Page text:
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  • Alberta’s DeepStack Crushing Poker at 49 BB per 100

    Friday, March 3rd, 2017 by Jeremy Olsen

It hasn’t been long since Carnegie Mellon’s poker bot, Liberatus, crushed four poker pros to the tune of $1.76 million. And now, we get word that the Unversity of Alberta’s less-heralded DeepStack is winning 49 big blinds per 100.

DeepStack lead author Michael Bowling discussed the dominance that his AI is showing with Inverse.

”We are winning by 49 per 100, that’s like saying whatever the players were doing was not that much more effective than if they just folded every hand,” said Bowling. “To put it into perspective, a pro player is trying to win by a rate of about five big blinds per 100. If they can make that rate than they are good enough to make a profit and a living playing poker. And we were beating that by nearly ten times.”

So what makes DeepStack another dominant AI in poker?

According to Bowling, the bot continues improving through recursive learning, or the back-and-forth exchange that involves determining how much information your opponent thinks you know, and vice versa.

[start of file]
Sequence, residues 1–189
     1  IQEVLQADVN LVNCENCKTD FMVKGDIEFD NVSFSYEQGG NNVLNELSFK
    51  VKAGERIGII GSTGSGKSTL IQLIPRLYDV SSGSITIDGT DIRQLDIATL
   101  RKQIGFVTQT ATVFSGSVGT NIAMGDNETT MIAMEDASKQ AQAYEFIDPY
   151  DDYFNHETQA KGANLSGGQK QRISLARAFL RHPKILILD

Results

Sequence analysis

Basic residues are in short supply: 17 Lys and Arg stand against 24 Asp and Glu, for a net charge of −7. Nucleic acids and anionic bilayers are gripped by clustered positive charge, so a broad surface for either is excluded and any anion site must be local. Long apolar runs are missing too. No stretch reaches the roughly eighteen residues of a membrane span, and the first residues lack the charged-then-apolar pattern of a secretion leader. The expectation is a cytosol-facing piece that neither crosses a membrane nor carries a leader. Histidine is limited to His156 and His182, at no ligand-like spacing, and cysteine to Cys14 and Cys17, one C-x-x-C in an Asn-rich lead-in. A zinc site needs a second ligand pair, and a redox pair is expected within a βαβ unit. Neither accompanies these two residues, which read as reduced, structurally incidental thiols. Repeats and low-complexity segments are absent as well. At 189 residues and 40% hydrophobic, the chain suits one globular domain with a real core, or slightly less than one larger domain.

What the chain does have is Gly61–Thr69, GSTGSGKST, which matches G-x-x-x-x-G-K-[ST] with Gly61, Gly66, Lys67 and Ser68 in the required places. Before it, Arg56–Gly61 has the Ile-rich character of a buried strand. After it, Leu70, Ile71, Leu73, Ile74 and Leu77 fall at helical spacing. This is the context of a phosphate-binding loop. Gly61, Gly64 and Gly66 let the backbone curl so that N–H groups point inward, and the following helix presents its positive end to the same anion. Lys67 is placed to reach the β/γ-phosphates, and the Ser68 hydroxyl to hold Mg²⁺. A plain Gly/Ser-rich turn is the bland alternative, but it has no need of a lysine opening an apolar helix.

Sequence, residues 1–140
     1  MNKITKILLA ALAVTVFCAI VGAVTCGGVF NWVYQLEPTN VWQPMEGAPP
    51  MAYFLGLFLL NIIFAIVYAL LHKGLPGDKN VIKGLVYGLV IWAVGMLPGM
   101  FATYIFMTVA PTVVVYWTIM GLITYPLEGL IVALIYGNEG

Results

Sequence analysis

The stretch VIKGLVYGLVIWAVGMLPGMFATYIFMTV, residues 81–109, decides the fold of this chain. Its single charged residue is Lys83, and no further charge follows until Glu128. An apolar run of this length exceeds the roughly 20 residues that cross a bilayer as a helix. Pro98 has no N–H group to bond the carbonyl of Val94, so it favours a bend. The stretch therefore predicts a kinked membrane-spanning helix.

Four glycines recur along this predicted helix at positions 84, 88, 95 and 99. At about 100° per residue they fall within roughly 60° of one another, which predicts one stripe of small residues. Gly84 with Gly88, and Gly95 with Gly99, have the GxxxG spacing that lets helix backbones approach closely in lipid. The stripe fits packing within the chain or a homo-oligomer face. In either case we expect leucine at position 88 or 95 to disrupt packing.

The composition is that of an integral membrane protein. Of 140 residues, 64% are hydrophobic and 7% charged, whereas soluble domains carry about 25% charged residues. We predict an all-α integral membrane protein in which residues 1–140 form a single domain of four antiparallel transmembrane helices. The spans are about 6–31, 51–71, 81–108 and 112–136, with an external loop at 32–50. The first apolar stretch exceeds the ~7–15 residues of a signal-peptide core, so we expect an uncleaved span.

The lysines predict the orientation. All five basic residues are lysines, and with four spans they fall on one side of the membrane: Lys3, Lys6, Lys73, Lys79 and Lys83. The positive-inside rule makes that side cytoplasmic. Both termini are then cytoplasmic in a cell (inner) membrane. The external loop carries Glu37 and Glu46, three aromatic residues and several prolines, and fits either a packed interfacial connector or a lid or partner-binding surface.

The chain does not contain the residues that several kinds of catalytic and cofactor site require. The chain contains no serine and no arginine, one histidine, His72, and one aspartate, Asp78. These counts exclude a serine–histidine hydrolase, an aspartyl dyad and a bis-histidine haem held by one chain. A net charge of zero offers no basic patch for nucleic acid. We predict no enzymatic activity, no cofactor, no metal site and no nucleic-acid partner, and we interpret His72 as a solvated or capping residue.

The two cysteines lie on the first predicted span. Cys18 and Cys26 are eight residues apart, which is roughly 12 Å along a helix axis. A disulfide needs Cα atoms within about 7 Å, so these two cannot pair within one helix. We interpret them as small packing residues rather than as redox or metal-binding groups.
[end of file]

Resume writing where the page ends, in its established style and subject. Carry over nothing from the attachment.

“If my opponent thinks I have really good cards and thinks I know about his cards, then he is going to fold,” Bowling explained. “This is recursive reasoning, it’s how to think through ‘what does everybody actually know’ and how to make decisions accounting for all of that.”

DeepStack can actually bluff other players and strategize a few decisions ahead. The latter is a change from previous AIs, which were programmed to see to the end of the game – not exactly the best strategy when facing a human who adjusts.

“Ideally, the program would figure out if it’s going to win or lose and find a path through that situation to win,” said Bowling. “But, that situation base is huge and there’s no way it could look all the way to the end of the game from the very beginning, it’s just too far away. So, DeepStack only looks a few decisions ahead and asks itself if a guess might be worth it and I liken that guess to intuition.”

Just like Liberatus, Bowling says that DeepStack is created for greater purposes than just playing poker. These include helping people make better financial decisions, reducing the chance for terrorism by monitoring flight schedules, and helping public transportation.

You can read the entire piece here at Inverse.

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